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Information about Belgium

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Information about Belgium

Facts about Belgium

The (national) flag
Official name Royaume de Belgique in French and Koninkrijk België in Dutch. The short form is België (Dutch) or Belgique (French).
Surface 30.528 km², of which 250 km² water (slightly smaller than the Netherlands)
Inhabitants 11.35 million (2016)
Population density 369 inhabitants per km²
Capital Brussel
Currency The euro since 2002. 1 € is about $1.17 (2017)
Road network Belgium has a wide-ranging road network with 116,540 km. paved road but there are also many smaller roads that are not well maintained and sometimes in bad shape.
Fuel prices For actual fuel prices in all European countries see Autotraveler.ru.
Code licence plate B
Telephone countrycode 32
Internet countrycode .be
Time difference GMT+1; the same time as in the Netherlands

Geographic data

Geographically Belgium can be divided into three parts: Lower-Belgium (until 100 meters high), Middle-Belgium (between 100 and 200 meter height) and High-Belgium (from 200 meters until more than 500 meters high). Belgium borders in the west to the Northsea (coastline: 66 km), in the north to the Netherlands (450 km), in the east to Germany (167 km) and Luxembourg (148 km), and in the south to France (620 km).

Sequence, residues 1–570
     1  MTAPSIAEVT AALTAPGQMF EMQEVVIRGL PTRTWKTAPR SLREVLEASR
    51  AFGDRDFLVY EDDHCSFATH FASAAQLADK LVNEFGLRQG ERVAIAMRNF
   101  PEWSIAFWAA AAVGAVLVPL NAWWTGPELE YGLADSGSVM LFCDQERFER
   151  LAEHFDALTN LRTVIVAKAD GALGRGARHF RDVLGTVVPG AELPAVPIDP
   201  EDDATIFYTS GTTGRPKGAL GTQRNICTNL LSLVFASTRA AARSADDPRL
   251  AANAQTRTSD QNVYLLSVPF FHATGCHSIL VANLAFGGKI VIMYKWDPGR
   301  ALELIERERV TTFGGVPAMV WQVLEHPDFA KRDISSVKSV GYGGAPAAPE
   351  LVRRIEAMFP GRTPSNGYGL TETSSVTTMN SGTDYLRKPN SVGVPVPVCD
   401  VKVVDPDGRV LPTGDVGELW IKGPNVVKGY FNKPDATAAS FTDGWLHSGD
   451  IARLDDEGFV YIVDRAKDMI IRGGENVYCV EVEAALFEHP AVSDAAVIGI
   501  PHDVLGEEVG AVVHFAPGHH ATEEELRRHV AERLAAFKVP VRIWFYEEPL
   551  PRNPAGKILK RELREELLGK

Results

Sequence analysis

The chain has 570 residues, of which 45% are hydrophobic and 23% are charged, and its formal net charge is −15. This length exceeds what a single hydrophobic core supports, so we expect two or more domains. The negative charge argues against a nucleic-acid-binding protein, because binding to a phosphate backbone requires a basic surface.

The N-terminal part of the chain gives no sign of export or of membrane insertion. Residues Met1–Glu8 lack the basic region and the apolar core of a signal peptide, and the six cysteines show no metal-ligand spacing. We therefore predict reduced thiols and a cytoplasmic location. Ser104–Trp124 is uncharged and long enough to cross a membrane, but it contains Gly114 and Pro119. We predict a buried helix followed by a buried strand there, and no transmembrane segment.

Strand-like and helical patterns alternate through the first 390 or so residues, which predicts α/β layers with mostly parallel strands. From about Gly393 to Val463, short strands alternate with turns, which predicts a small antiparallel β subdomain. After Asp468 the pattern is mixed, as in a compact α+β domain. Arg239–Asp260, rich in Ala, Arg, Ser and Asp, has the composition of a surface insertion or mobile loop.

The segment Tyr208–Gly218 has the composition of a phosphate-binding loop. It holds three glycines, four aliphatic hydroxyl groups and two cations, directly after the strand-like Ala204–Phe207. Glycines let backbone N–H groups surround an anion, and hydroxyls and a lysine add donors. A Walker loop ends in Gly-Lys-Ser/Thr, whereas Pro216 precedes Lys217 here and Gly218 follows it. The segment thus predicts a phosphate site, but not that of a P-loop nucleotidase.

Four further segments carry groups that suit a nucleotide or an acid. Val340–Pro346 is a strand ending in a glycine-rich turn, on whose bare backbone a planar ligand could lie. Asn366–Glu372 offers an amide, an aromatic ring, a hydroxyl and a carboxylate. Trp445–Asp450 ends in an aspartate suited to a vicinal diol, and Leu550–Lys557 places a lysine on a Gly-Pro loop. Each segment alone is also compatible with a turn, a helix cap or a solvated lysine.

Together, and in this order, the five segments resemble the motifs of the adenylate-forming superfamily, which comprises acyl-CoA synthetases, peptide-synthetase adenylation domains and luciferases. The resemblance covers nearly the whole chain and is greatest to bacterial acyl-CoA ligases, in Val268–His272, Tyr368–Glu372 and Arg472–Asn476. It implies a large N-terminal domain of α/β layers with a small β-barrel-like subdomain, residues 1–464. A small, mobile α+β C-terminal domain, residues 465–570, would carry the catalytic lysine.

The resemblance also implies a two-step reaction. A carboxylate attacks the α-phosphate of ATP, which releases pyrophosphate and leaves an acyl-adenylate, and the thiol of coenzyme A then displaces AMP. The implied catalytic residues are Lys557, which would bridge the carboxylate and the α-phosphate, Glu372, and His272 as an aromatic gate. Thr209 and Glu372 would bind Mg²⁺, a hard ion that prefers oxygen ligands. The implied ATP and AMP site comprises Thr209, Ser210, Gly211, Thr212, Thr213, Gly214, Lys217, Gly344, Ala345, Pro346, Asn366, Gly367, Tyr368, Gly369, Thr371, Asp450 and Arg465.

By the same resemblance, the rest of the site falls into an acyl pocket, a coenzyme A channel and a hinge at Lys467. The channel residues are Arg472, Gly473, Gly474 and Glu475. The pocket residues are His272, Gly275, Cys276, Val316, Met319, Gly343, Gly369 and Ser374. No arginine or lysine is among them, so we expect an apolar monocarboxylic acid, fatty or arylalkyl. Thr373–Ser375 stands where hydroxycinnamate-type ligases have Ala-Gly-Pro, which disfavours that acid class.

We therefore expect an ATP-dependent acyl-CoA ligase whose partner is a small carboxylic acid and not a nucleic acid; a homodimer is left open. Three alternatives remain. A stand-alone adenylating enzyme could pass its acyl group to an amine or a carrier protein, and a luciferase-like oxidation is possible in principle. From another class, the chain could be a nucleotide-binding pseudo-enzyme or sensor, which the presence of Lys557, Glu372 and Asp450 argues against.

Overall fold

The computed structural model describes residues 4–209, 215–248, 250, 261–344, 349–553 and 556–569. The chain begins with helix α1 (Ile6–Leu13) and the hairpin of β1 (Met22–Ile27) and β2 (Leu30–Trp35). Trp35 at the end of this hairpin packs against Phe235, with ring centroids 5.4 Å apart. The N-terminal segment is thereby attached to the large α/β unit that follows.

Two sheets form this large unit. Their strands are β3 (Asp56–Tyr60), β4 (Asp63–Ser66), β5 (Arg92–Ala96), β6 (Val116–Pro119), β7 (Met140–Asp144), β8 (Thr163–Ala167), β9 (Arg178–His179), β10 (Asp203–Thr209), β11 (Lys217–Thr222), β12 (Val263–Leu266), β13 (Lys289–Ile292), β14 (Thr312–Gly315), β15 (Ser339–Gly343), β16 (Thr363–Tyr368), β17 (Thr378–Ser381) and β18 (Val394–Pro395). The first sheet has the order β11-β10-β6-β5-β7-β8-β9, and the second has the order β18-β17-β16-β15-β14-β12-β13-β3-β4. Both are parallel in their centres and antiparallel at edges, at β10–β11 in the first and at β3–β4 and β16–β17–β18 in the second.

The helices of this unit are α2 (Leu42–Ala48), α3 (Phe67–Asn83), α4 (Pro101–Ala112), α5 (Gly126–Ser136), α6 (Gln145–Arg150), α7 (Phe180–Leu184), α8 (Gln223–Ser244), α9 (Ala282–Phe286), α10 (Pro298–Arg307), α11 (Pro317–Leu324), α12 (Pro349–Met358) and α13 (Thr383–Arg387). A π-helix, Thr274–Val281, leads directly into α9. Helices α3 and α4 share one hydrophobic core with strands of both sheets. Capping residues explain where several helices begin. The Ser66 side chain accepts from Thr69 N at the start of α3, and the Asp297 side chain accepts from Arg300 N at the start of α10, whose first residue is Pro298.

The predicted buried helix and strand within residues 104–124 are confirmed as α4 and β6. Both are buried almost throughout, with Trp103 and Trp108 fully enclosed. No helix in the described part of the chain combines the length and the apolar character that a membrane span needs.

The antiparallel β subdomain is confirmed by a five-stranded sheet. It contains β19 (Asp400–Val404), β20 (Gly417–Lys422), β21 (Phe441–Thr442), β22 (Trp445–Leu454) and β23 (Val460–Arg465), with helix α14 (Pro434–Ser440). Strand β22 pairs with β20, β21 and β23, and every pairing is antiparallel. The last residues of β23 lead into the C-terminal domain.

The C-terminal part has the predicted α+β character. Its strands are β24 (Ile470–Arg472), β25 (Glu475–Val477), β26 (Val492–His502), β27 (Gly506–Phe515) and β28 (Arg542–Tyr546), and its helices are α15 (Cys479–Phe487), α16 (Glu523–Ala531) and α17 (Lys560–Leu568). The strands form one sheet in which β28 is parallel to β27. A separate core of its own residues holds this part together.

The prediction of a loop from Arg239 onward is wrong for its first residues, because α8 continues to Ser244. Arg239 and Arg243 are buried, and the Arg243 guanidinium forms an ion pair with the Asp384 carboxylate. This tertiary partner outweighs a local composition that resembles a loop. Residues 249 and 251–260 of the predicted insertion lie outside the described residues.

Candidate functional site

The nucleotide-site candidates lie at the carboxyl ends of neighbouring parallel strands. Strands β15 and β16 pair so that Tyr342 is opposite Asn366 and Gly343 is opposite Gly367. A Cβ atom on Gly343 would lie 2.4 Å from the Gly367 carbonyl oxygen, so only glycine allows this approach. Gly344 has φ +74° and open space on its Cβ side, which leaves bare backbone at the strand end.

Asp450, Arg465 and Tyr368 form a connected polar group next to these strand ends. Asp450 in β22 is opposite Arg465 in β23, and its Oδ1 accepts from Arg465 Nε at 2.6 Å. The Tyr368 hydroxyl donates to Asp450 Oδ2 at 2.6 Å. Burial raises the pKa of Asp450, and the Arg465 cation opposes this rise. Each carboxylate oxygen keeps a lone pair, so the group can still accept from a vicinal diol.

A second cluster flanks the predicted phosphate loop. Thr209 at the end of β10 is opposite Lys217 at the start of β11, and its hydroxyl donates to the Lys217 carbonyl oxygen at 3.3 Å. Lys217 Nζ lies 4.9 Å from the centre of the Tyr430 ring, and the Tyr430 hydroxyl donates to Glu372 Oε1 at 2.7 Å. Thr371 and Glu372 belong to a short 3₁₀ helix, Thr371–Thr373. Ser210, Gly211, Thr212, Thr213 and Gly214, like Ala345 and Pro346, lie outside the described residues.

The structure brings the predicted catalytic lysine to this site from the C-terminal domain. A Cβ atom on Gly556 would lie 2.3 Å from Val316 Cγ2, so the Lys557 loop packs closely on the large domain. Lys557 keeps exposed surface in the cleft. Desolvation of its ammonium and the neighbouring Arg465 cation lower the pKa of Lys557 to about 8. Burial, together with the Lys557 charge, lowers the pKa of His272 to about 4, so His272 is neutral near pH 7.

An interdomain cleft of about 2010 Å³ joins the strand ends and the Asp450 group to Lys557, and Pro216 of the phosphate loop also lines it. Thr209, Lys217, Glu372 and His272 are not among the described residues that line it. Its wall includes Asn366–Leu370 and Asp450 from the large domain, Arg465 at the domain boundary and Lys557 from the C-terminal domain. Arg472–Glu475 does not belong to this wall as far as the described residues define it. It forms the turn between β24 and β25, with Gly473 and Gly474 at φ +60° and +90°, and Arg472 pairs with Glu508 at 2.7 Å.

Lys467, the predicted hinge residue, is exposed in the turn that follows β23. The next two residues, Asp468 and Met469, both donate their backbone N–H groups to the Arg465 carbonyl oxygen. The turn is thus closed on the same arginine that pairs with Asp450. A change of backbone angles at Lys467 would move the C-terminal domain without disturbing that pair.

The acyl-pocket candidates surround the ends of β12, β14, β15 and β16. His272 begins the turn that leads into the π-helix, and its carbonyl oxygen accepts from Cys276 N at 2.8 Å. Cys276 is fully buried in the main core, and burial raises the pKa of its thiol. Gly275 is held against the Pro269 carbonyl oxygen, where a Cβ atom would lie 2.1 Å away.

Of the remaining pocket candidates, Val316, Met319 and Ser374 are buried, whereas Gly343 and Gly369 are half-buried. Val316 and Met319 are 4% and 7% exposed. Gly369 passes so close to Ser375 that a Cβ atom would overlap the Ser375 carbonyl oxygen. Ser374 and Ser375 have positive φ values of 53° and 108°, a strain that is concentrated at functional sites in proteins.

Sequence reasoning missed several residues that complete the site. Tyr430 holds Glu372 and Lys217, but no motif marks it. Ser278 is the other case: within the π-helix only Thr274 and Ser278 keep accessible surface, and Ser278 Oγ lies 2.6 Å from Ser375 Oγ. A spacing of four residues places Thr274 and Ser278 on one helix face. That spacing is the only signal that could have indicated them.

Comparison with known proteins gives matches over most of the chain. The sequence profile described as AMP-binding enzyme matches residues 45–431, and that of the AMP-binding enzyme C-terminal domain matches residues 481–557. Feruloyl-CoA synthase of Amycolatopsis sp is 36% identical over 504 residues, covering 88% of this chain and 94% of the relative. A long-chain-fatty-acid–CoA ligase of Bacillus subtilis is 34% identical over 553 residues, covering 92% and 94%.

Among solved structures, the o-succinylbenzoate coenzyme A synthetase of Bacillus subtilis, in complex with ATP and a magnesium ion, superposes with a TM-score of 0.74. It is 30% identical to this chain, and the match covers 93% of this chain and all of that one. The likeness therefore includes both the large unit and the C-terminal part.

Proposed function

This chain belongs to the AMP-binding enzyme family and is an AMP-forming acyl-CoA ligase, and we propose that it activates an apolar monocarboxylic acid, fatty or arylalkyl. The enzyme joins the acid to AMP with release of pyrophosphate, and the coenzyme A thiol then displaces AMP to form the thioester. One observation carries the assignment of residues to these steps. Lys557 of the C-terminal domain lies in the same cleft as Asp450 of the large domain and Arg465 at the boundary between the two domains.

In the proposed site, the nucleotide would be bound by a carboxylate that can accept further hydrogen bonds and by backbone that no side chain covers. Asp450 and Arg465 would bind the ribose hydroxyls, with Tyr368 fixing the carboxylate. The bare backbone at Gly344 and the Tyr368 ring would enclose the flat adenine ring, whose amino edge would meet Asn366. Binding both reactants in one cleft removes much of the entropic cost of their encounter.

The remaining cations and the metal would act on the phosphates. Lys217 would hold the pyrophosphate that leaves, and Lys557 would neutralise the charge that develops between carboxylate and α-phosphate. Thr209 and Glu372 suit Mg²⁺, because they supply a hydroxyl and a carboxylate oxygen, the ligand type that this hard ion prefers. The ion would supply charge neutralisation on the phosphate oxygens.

More information at insidecountryinfo.com.

PopulationNaar boven

Nearly 61 % of the people in Belgium live in the Flanders region. The population density (369 persons per sq km) is one of the highest in Europe, but the largest concentrations are in and around Brussels, Antwerp, Liège, and Gent, as well as in the narrow industrial region between Mons and Charleroi. In recent decades the Limbourg city region has increased in population because of industrial development in that area. Almost 10.5 % of all Belgians live in Brussels, which is also home to a large number of foreign guest workers.
The six most important nationalities (besides the Belgians) are Italians, Moroccans, French, Dutch, Turks and Spaniards. These indigenous population groups make up around 20% of the population and live mainly in Hainaut (the old industrial axis Bergen-Charleroi), the Liège Basin, the former Limburg mining region, Brussels and Antwerp.
Immigrants are responsible for approximately half of the annual population growth. In 2017, 68% of immigrants came from the EU member states, mainly from Italy, France and the Netherlands, the rest mainly from Morocco and Turkey.

LanguagesNaar boven

Belgium has two large language communities, the Dutch (60%) and the French (40%), and a smaller German language community (less than 1%). Dutch is mainly spoken in Flanders and French in Wallonia.
The language issue is a direct consequence of this multilingualism. The Constitution of 1831 stipulated that the use of any language spoken in Belgium was permitted. But in fact French was the official language from the founding of the Belgian state. On August 17, 1873, a law was passed in which Dutch was considered equivalent to military, legal, administrative and educational language. In a law of July 31, 1921, the so-called territoriality principle, the monolingualism of the French and Dutch language areas was first formulated. The Brussels conurbation became bilingual.
More information at ethnologue.com.com.

HistoryNaar boven